We had a great stay in Cotter Arkansas this March. We were satisfied that all of our clients caught some amazing fish and had at least one if not two epic days on either the White or Norfork rivers. I arrived in Cotter on March 1st with my good friend Brian Boyle. We met up with my good friend Greg Inglis, (formerly of Lopstick Lodge) and began scouting the waters of the northern Ozarks. Last year, I got Brian hooked on chasing big browns with streamers on the Saco river. Brian had heard about the White River and asked if he could come along this season to help row the boat during our scouting session. 

Brian is the kind of guy you want on a scouting mission. Not afraid to get skunked or lose a big fish. He is willing to go through the arduous process of dialing in the fishing. Greg had never met Brian before, but I was confident that the two would hit it off well. It didn't take long especially after Brian showed Greg the cases of Micro brew we had picked up to fuel us through our quest for brown trout.

As is often the case the fishing was slow for us over the first few days. We were dead set on finding big fish on streamers, but the streamer bite was a bit lackluster. We were able to muster a couple fish from 18-20" an most days but we were not seeing much for numbers. Brian was fine with the challenge and seemed more concerned about Greg and I trying to guide in these tough conditions. "It will all fall into place." I explained with confidence. I had been trough this routine before. It was only a matter of time before the conditions improved and we dialed in on the right techniques.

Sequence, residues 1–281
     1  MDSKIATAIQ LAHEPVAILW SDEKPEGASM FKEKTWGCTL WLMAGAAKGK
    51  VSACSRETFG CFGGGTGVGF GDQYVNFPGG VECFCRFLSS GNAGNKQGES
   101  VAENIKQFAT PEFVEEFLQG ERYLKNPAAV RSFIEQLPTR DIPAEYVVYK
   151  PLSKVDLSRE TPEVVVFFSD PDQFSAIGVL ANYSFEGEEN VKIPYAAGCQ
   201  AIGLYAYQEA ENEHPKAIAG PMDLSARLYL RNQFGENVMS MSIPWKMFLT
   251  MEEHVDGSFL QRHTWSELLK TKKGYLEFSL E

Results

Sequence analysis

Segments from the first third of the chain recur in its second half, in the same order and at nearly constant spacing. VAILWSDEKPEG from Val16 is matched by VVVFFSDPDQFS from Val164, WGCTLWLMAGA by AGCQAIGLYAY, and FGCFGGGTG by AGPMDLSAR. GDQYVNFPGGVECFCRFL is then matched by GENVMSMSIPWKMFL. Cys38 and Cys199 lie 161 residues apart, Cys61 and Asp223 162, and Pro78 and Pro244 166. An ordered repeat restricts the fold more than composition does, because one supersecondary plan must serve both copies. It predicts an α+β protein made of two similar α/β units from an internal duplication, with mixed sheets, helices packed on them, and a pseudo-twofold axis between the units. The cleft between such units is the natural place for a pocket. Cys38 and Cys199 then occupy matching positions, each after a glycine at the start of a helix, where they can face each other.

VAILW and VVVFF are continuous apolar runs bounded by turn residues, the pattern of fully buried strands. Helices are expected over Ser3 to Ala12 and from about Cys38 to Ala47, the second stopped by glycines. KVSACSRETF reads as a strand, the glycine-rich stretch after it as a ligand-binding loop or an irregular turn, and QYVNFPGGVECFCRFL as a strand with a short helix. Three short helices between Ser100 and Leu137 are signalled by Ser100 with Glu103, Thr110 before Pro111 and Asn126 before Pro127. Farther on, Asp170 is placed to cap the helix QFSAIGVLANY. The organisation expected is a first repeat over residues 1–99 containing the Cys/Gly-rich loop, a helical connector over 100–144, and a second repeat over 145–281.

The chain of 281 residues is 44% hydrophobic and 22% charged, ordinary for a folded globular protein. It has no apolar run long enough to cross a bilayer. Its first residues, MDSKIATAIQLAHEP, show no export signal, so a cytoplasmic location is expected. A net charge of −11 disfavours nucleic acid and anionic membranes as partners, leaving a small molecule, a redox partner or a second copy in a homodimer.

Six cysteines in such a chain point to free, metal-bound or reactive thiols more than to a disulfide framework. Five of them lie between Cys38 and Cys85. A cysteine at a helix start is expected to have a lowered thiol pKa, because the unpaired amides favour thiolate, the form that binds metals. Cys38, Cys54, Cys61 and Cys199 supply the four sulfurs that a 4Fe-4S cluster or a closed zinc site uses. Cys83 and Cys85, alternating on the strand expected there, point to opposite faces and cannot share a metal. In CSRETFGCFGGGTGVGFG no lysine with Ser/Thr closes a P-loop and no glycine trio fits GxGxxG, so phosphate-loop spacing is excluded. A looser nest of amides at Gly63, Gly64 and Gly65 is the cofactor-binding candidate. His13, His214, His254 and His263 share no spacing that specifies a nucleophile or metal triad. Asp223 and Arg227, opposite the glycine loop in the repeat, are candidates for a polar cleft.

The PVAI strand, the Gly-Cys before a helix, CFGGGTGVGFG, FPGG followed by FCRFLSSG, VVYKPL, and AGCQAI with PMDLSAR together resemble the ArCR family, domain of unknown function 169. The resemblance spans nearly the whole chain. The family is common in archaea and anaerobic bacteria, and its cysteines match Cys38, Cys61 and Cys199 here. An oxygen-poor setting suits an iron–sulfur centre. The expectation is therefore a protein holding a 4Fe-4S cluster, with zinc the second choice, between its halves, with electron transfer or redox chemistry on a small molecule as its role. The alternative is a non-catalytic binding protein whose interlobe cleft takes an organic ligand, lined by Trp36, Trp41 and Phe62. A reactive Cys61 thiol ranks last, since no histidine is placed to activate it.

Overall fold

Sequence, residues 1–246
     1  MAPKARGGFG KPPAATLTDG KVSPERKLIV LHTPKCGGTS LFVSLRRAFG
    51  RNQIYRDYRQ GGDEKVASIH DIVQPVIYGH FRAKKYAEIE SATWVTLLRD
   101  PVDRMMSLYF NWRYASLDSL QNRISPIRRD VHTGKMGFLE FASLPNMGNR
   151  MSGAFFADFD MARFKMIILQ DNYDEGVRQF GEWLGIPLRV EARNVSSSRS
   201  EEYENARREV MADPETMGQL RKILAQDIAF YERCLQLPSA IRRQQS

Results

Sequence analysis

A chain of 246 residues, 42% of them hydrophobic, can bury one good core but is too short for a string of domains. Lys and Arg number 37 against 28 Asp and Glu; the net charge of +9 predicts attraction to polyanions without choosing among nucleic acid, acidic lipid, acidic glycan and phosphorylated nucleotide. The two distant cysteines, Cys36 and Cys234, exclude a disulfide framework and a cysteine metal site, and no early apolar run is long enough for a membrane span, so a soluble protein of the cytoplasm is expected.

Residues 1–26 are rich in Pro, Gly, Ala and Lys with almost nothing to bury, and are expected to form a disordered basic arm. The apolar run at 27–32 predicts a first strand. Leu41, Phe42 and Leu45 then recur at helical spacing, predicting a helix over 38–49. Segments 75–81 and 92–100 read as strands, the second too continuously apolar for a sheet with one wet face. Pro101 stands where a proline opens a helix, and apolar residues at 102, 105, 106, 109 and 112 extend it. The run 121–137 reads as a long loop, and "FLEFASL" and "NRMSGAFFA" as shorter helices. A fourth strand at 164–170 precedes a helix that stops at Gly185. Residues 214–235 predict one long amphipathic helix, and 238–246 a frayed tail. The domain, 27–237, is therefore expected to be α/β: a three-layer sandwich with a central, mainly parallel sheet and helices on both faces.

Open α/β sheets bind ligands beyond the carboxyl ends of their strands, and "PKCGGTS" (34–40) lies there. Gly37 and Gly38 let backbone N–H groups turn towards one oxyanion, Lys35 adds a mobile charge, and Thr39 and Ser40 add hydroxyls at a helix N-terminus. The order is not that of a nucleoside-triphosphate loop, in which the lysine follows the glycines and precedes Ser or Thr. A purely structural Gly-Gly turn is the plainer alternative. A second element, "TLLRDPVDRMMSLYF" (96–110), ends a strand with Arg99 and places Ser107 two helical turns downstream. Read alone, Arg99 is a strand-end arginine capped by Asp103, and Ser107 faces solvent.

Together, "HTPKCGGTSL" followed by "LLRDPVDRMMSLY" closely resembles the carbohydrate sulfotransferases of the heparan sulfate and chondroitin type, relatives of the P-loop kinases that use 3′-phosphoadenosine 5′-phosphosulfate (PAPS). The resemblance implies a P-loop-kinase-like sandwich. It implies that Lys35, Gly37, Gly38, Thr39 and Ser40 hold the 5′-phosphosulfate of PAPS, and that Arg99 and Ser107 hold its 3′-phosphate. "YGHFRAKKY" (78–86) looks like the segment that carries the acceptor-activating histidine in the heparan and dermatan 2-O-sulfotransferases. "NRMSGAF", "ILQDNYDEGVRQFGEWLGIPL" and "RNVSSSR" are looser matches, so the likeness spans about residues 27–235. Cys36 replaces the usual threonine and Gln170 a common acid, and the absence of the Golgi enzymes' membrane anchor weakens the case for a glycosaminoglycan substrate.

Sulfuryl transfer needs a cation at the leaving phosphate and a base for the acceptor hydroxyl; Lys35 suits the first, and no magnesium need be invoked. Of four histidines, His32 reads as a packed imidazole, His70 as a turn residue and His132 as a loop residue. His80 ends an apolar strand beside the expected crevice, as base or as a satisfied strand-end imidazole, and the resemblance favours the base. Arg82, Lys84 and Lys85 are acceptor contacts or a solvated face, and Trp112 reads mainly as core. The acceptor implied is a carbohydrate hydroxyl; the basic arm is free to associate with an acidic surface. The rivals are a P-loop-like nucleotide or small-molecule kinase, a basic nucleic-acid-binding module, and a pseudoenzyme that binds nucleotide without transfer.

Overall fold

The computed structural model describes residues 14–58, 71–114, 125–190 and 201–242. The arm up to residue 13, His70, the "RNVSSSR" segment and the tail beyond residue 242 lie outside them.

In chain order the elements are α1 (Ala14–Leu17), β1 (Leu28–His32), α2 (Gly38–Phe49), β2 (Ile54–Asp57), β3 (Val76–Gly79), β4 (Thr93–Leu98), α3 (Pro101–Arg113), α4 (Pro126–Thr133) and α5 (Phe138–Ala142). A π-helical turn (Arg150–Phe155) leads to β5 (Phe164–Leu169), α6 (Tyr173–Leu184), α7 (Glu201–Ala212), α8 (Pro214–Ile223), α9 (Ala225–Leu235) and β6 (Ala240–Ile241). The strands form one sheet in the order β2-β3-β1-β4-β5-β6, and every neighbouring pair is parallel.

So after a few days of arduous streamer fishing we moved to the Northfork of the White river and Norfork river where we had much more success with numbers of fish, in the 16-18 inch class. Even though we were catching fish I could tell that Brian's focus was still on the white River, throwing streamers to brown trout. So we returned to the white and Brian did manage a good fish of 20". Still, we knew that the river had more to offer. Brian was confident. "I know I am going to have my best day on the last day here." 

Well Brian was right. if we hadn't had to get him to his plane he probably would have caught more, but in four hours he landed six fish over sixteen inches including his biggest fish of the trip, a 22" male. 

As is often the case, (and I'd have it no other way) Greg and I put our clients on far more big trout than we caught on our own. We had dialed in on when where and why, realizing that nymphing shad patterns, while not as glamorous as throwing streamers, was much more productive. As a high abundance of shad in the river had fish in a lazy snacking mood on most days.